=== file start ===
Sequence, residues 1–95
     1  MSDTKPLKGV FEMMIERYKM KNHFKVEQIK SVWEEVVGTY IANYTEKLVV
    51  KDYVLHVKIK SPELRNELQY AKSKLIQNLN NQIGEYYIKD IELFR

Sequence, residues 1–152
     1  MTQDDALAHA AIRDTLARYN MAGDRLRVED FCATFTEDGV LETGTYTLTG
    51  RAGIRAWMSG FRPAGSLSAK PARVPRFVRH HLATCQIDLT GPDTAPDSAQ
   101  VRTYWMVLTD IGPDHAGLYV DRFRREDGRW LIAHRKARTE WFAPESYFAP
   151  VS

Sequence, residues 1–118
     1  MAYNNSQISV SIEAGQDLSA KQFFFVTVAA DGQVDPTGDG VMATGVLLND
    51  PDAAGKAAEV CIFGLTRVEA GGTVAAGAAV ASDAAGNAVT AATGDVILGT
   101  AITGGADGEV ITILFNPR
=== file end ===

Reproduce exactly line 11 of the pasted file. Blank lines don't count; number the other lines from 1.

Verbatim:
    51  PDAAGKAAEV CIFGLTRVEA GGTVAAGAAV ASDAAGNAVT AATGDVILGT